‘“No punctuation” is the ultimate marker of semantic tightness’, as David Crystal says in Making a Point. Commas create breaks between words, to put it simply, and if there’s no comma we tend to read the words as one block. There’s something about the special confusion experienced in response to the lack of a vocative comma that makes you appreciate this fully.

If you’d like to further explore the comma nuances in ‘God Rest You Merry, Gentlemen’, complete with a cappella musical accompaniment, may I recommend to you a short video, new for the 2021 festive season, by RamsesThePigeon. It really is a gift.

No comma, no confusion

But what if the lack of a comma before a name doesn’t cause confusion? One thing the vocative comma has been suffering from is a sense that it has become non-essential in phrases like ‘Hi John’. Mignon Fogarty (Grammar Girl), in The Grammar Devotional, valiantly tries to explain why it’s necessary in such cases:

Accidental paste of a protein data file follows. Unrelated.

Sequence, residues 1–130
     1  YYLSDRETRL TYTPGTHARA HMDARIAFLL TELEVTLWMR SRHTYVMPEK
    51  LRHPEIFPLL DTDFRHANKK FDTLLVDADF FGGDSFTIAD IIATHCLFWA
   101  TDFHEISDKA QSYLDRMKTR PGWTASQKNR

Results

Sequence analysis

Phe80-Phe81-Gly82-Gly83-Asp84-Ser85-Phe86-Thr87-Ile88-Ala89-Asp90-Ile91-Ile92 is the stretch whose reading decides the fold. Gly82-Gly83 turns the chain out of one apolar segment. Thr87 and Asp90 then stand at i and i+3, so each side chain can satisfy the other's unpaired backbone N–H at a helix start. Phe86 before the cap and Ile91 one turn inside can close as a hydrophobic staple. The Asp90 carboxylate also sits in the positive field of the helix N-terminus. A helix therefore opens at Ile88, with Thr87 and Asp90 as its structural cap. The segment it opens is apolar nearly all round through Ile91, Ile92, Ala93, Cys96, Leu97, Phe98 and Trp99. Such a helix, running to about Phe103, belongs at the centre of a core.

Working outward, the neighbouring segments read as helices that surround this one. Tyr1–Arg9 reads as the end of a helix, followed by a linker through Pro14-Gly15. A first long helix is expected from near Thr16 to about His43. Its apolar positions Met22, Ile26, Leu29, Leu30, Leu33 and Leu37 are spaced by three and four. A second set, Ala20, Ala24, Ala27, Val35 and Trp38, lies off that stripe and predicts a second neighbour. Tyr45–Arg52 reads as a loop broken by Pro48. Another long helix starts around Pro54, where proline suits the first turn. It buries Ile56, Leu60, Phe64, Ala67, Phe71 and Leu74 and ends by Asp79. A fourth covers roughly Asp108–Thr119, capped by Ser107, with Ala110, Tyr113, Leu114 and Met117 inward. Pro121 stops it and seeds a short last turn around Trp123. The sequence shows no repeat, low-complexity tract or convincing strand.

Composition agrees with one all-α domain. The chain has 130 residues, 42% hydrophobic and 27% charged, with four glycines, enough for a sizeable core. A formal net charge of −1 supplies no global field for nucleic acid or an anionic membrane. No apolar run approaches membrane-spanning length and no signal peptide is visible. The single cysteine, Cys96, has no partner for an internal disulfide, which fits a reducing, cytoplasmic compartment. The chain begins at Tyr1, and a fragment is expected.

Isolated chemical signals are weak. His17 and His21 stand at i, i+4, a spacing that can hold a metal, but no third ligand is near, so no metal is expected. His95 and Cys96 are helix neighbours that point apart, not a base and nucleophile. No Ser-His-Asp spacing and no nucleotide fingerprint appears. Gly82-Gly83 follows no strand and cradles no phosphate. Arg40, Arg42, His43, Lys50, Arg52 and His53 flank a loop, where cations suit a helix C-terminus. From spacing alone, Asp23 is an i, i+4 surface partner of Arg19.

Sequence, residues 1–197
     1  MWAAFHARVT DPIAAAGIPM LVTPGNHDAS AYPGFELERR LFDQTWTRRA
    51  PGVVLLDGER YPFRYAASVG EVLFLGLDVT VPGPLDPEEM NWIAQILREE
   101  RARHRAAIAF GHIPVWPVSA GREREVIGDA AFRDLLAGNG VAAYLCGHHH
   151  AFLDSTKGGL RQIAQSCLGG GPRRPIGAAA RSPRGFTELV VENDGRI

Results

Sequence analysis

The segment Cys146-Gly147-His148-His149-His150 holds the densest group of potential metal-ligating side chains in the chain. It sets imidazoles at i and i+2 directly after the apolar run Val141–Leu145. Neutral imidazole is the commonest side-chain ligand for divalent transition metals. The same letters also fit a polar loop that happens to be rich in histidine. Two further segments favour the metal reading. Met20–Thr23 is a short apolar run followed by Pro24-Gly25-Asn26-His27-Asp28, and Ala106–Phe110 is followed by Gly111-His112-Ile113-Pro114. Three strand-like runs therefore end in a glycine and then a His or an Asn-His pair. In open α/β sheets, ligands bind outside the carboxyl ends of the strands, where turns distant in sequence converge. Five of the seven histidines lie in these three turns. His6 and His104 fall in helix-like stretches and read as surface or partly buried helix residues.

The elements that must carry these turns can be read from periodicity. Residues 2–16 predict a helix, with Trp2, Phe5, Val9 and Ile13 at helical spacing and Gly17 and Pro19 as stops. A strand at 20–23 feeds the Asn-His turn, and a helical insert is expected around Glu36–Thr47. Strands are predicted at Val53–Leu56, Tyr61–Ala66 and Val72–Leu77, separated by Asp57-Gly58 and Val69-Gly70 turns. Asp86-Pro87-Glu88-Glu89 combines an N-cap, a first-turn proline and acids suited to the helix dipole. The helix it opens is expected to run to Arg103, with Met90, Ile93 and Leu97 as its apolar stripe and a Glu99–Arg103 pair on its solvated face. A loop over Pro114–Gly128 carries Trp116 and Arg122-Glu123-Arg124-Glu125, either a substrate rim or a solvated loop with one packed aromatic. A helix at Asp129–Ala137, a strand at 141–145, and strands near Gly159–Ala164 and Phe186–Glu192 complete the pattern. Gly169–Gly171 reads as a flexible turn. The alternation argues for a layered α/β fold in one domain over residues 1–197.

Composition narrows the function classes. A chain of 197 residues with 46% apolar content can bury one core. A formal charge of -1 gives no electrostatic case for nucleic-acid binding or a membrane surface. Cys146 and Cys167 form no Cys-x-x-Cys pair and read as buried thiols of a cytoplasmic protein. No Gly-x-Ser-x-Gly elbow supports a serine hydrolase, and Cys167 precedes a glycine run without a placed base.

In Hi, John you are directly addressing John, which means the punctuation rules of direct address apply. From a comma-rules standpoint, Hi, John is no different from Thanks for coming, John or Wow, John, what were you thinking?

Yet the comma after ‘Hi’ is used less and less. In November 2019, Ellen Jovin of @grammartable lamented on Twitter: ‘If people I communicated with still used vocative commas after “hi,” I would have continued to use them. But they look at me as though I have three dangling participles if I even bring up such a thing.’ Are we losing the vocative comma in this formulation because there is very little scope for misunderstanding without it, as with 2019’s giddy pre-Covid inter-generational put-down ‘OK Boomer’? Whatever else you thought of it, and however you capitalise it, this phrase is certainly not punctuated. So perhaps we’re slowly discarding all punctuation except what’s absolutely necessary for comprehension.

A simple lesson